Lifestyle Analysis in Divorce

Why do you need a lifestyle analysis?

In North Carolina, when considering the amount, duration, and manner of payment of alimony, the court considers 16 factors, one of which is the standard of living of the spouses established during the marriage.  If you’ve hired an attorney, one of the things he or she will ask you to do is fill out a Financial Affidavit.  In this form you are providing, under penalty of perjury, a summary of your assets and liabilities as well as your income and expenses. It’s critical that this form be completed thoroughly because your alimony, division of assets and even child support will be based in large part on what you provide in this document.

People in the throws of divorce can be too emotionally overwrought to deal with the challenge, particularly if they are someone who has not been a budget keeper.  So they guess or estimate.  Depending on their attorney and/or the fee arrangement with them, their affidavit may or may not be reviewed for completeness.  Even then, they will only be looking for glaring errors. I know in  my practice I often see budgets that are way off the mark.

A thorough Lifestyle Analysis could very well make the difference between living the life you were accustomed to or one that is considerably different.

Preparing a Lifestyle Analysis can you ensure a better financial outcome

A Lifestyle Analysis is the process of analyzing the income and expenses of the parties, including the income claims of the spouse so they can be confirmed or refuted. Particularly where they has been an affluent lifestyle, the Court will require support for the expenses that are being claimed.  Hidden sources of income or dissipation of assets can also often be uncovered in a Lifestyle Analysis.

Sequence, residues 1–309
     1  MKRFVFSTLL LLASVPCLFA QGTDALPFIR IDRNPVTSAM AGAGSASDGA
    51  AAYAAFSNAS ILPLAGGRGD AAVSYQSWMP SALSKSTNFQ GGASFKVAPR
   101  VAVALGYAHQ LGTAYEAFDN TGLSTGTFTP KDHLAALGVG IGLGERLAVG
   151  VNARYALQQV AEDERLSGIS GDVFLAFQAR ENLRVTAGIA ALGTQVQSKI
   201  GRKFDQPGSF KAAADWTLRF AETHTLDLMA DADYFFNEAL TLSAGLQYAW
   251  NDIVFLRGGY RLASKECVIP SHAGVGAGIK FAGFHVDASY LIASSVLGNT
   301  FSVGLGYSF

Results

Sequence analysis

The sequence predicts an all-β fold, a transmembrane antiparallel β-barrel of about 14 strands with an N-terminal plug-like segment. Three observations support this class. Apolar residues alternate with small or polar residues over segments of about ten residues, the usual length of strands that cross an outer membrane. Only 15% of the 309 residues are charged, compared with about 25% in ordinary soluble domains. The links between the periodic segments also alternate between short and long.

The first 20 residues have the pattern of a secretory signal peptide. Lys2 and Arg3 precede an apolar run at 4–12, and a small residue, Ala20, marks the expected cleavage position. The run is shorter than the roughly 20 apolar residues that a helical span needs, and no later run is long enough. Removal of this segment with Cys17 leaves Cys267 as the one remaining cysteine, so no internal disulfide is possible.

A Lifestyle Analysis reconstructs the day-to-day living expenses incurred during your marriage and the spending habits of both you and your husband, by category.

Generally, a Lifestyle Analysis will include the living expenses during the last several years of your marriage but before income and spending habits changed in anticipation of divorce, and can include an analysis of:

  • bank, brokerage and credit card accounts
  • personal and business income tax returns
  • recurring and ordinary expenses within each category of expense (clothing, food, housing, entertainment, travel, etc.
  • unusual, non-recurring and/or seasonal expenses.

Who should prepare my Lifestyle Analysis?

Your family law attorney (with the help of their paralegal) may offer to help you prepare a Lifestyle Analysis, but he or she is unlikely to have the specialized training and expertise in divorce finances, or the specialized software, to do the job as thoroughly, efficiently, or cost-effectively as a Certified Divorce Financial Analyst™.  Some might try to get this done with the help of their CPA or financial advisor but divorce finance is simply not their specialty, so they haven’t had the advanced training or hands-on experience needed.  Some large brokerage firms, like Merrill Lynch, Morgan Stanley, UBS, and Wells Fargo, might have a CDFA but they don’t permit their financial advisors to use certain software or provide certain types of advice or reports that are needed when preparing a Lifestyle Analysis.

Family Law attorneys should welcome the expertise and support of a Certified Divorce Financial Analyst™ when it comes to the daunting task of conducting a Lifestyle Analysis or providing complex financial projections that justify their client’s position at the negotiating table or in court.

Although gathering the documents to complete a thorough Lifestyle Analysis can seem daunting, and may be expensive if your spouse is intent on withholding information, the result, particularly for an affluent couple, is extremely valuable.

If you would like to read more about Lifestyle Analysis, here is an article by an expert in this area.

 

Digging Deeper Into Lifestyle Analysis

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